Chalk another victory up to big developers and their lobbist who are against any thing that stands in the way of a fresh new buck...that includes fresh clean drinking water. What is best is buffers to keep homes off the river banks...what is done is the opposite. If you dont believe it paddle down the river sometime.

  • Garnerwolf1 Jan 29, 2008

    Too many people, not enough water. 3 droughts in 10 years. Yet we continue to build new developments all over Wake and the surrounding Counties. Past time to slap some pretty stringent restrictions on somebody.

  • mumof3 Jan 29, 2008

    Also, whatelseisnew - "Ah don't worry about it; I am sure Meeker is working on a new fee to defray the 10,000 monthly fine."

    Meeker wants to double the existing impact fees to developers and builders. it is currently on the table with the City Council. How do they not understand that this just translates into higher home prices??? We need to elect a stronger mayor and city council that will implement controlled growth without crippling builders, developers and homeowners. Meeker has no clue how vital the building industry is to this area. He is too busy reacting to last years problems.

  • mumof3 Jan 29, 2008

    Here is a funny story about how messed up our local government is. The city is concerned about storm water run off in this particular area. So, when trying to get a building permit in this area, we were told that we needed a TEMPORARY retaining pond to control storm water run off while the home was being built (city claimed silt fencing was not enough) . In order to put in this retaining pond, we had to cut down a gorgeous 200 year old oak tree. So, the temporary run off issue has created a bigger issue - more run off in the future, as this tree is no longer there!! If someone can tell me how this makes sense I would appreciate it. Also, We have had to fight to get building permits on lots that have been cleared for over 2 years, because all of a sudden they are considered Neuse River basin. The lots back up to a gulley that was created by the developer, to catch and control storm water runoff and it originates and terminates in the neighborhood. How does this affect the Neuse?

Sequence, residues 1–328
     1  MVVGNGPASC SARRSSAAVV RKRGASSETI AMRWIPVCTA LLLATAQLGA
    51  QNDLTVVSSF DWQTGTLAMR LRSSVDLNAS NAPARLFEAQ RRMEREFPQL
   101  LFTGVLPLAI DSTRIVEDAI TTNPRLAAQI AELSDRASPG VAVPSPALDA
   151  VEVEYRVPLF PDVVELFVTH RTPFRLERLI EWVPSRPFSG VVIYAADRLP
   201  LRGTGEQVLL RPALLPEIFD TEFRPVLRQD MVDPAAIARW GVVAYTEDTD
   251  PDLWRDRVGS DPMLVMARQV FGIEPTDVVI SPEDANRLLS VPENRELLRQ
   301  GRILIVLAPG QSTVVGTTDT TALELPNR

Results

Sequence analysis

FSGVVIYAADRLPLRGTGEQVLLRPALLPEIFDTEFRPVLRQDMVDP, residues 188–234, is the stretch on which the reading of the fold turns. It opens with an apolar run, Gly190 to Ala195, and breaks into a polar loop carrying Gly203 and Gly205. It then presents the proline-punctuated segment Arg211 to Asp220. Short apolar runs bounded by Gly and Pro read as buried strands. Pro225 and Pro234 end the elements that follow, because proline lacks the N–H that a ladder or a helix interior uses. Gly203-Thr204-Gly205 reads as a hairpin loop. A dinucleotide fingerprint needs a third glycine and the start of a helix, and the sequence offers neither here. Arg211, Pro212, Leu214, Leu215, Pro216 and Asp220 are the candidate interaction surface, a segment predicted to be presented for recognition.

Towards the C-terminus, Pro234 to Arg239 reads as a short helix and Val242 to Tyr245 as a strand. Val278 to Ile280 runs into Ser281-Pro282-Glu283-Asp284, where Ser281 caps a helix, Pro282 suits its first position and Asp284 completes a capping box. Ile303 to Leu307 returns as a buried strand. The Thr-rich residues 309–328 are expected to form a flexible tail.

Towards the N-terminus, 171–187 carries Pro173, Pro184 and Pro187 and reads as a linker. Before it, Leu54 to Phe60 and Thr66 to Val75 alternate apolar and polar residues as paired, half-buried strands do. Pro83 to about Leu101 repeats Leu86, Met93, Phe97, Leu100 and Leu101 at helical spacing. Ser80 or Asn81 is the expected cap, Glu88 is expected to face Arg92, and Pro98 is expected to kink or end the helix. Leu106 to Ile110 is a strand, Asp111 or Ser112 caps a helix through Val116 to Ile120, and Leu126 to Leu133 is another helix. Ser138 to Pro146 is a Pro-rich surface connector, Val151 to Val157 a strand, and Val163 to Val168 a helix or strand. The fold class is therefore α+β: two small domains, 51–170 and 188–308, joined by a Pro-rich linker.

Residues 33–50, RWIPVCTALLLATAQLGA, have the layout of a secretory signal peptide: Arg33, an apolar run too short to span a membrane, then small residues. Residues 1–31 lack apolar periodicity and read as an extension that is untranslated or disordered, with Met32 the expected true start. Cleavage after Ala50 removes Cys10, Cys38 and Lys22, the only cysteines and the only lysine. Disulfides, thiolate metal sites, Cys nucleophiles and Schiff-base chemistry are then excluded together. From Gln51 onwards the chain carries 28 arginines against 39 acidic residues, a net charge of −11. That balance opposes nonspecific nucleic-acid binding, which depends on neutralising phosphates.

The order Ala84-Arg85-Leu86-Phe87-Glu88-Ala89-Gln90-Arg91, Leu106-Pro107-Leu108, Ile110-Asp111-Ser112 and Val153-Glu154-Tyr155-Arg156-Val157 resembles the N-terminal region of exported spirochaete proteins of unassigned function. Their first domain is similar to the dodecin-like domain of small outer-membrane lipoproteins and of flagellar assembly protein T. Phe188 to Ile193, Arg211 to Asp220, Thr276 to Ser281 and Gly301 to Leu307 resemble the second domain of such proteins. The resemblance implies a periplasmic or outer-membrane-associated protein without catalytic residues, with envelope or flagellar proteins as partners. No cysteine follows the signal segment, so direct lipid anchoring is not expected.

• shine Jan 29, 2008

    Thanks NCcarguy... just seems like to me that they want to talk about everything BUT the problem. Over the weekend it was written that the 'ones to be' were going to discuss further conservation measures. If you don't have run off - why worry about that today - talk about that when the lakes start filling back. The powers to be have evaded the problem for so long ( at least six months now) until it has gotten to be worse than a problem.

  • Rabid_Wolf_3 Jan 29, 2008

    "rewrite the new regulations to meet minimum state standards"

    Nothing like performing to 'minimum standards' Sure to get a raise doing that . . . .

  • Riddickfield Jan 29, 2008

    So how many people does this affect? I mean the piece of land in question is occupied in large part by the Dump, Mallinckrodt, the quarry and Burlington mills. I don't think anyone wil be building houses on any of that land.